Chicago Market Closing Comments - Friday Night

27/03/15 -- Soycomplex: Beans, meal and oil all closed lower on the day and a bit lower for the week. After starting the week with decent gains, beans have now slid a little lower in each of the last 4 trading sessions. Production in South America seems to be getting bigger (and it was already predicted to be at record levels) and US farmers are expected to "go large with that" when they begin their 2015 spring soybean planting campaign. Exactly how large they might go will be revealed by the USDA on Tuesday. An increase of 2-3 million acres on last year's 83.7 million is what most people are expecting. Considering that the USDA were only lining up at 83.5 million at their February Outlook Forum AND that they came out with a forecast that, at 81.5 million acres, was in fact more than 2 million on the low side of what eventually got planted in last year's March 31 report, then it seems entirely possible that the USDA may not go "all in" with their soybean acreage estimate quite this early in the game. The new crop soybean:corn price ratio ends the week below 2.3:1 tonight versus 2.4:1 a fortnight ago, continuing to slide into the favour of planting corn. In other news, Coceral forecast the EU-28 rapeseed crop at 21.6 MMT, down more than 10% versus 24.1 MMT a year ago. Strategie Grains however raised their forecast from 21.6 MMT to 21.9 MMT, by virtue of an extra 100 TMT each for Germany (to 5.5 MMT), Poland (2.9 MMT) and the UK (2.3 MMT). The latest commitment of traders report shows managed money sitting on a net short of around 39,000 contracts in beans as of Tuesday night. May 15 Soybeans closed at $9.67 1/4, down 7 1/4 cents; Jul 15 Soybeans closed at $9.72 1/4, down 6 1/2 cents; May 15 Soybean Meal closed at $321.40, down $1.00; May 15 Soybean Oil closed at 30.60, down 57 points. For the week that puts front month beans 6 1/2 cents lower, with meal dipping $2.60 and oil losing 8 points.

Corn: The corn market closed virtually unchanged on the day, but higher for the week, continuing to erode into the soybean:corn price ratio. The trade is gearing up for the USDA to predict a near 2 million acre switch away from corn plantings this spring. For the same reasons that they might not see as large a switch away from corn and into beans as described above, at least not at this early stage, then next Tuesday's report might come in a little bearish for corn. A year ago the USDA predicted corn plantings of 91.7 million acres, which ultimately proved to be more than a million too high. It may take until the June plantings report for the USDA to get a better handle on what has/will really go into the ground. Elsewhere, Safras e Mercado increased their forecast for the Brazilian corn crop by 1.2 MMT to 75.9 MMT, which is now 0.9 MMT higher than the USDA's estimate. The Argentine corn harvest is said to be around 7.5% complete versus 5.6% a week ago and 10% done a year ago. Coceral estimated the EU-28 corn crop to fall more than 10% this year to 66 MMT. Output in Europe's largest producing nation, France, is seen almost 8% lower at 15.68 MMT. Production in Romania will decline more than 14% to 9.82 MMT and output in Hungary will slide 18% to 7.43 MMT, they predict. FranceAgriMer said that corn planting in France is yet to really get going. Planting is just 1% complete in the Poitou-Charentes region. Crude oil slid more than $2.50/barrel today on an apparent easing of tensions in Yemen, but was still more than $2/barrel higher for the week. South Korea's KFA bought 60,000 MT of optional origin corn for November delivery in a tender. May 15 Corn is at $3.91, down 1/4 cent; Jul 15 Corn is at $3.99, down 1/4 cent. For the week, May 15 corn was 6 cents higher.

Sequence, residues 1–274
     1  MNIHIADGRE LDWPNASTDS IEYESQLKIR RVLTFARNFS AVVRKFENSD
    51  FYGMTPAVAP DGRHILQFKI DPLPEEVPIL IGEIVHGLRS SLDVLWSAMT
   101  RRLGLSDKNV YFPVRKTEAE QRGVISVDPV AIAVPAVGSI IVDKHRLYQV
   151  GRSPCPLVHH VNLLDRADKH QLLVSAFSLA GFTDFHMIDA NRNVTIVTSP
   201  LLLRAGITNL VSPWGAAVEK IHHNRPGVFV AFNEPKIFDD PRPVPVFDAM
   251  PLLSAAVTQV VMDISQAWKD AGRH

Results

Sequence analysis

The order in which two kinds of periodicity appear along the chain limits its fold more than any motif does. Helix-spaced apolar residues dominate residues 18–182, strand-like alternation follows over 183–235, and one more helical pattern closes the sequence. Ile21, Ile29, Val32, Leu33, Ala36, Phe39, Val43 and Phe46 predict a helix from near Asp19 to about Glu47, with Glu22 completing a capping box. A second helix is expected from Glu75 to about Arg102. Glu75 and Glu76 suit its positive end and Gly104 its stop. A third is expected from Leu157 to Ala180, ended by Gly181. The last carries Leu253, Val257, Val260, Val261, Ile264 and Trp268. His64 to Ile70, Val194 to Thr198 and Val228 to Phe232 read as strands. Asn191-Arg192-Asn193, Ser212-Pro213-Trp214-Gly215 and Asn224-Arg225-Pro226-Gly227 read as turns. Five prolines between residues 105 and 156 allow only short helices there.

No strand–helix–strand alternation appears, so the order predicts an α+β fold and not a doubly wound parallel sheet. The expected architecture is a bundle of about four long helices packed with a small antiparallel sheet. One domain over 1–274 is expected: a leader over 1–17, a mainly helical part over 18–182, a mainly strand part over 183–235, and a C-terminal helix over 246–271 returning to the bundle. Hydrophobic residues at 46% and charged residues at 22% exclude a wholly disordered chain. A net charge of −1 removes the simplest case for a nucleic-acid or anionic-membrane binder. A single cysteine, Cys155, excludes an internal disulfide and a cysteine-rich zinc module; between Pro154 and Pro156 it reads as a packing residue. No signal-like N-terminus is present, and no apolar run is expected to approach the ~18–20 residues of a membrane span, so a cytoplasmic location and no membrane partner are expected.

Wheat: The wheat market closed higher on the day, but lower for the week. US wheat export sales of barely more than 100 TMT revealed yesterday were the lowest in more than 25 years, according to Bloomberg. Dollar strength is really hurting US wheat sales, much more so than those for corn or soybeans, with the EU issuing export licences for more than seven times the volume of the US this past week. US winter wheat conditions on the Plains aren't great, but what does that matter if nobody but the US wants US wheat anyway? The fact that managed money is already net short around 66,000 Chicago wheat contracts is about the only other supportive factor around at the moment for US wheat. Next Tuesday's USDA acreage report is expected to predict a US all wheat acreage of around 55.7 million for the 2015 harvest, down more than a million from 56.8 million a year ago. The USDA's take on the 2014 planted area this time last year ultimately proved to be a million too low as they lined up at 55.8 million back then. Europe is seen producing less wheat, corn and barley in 2015, according to Coceral. Large carryover stocks from last year's bumper production will still keep European sellers aggressive next season though, helped by the weak euro and nearby proximity to North African and Middle Eastern buyers. There's talk of India having to import wheat after late season heavy rains and hail have had a negative impact on the quality (and possibly quantity) of their crop this year. Russia said that early spring plantings there were 1.6% complete on 840k ha. There's talk of Russia's President Putin holding a meeting on Monday to discuss spring sowing aid. May 15 CBOT Wheat is at $5.07 3/4, up 8 1/2 cents; May 15 KCBT Wheat is at $5.53, up 10 cents; May 15 MGEX Wheat is at $5.75, up 11 3/4 cents. For the week that still puts CBOT wheat 22 1/4 cents lower, with KCBT down 16 1/2 cents and MGEX losing 14 1/2 cents.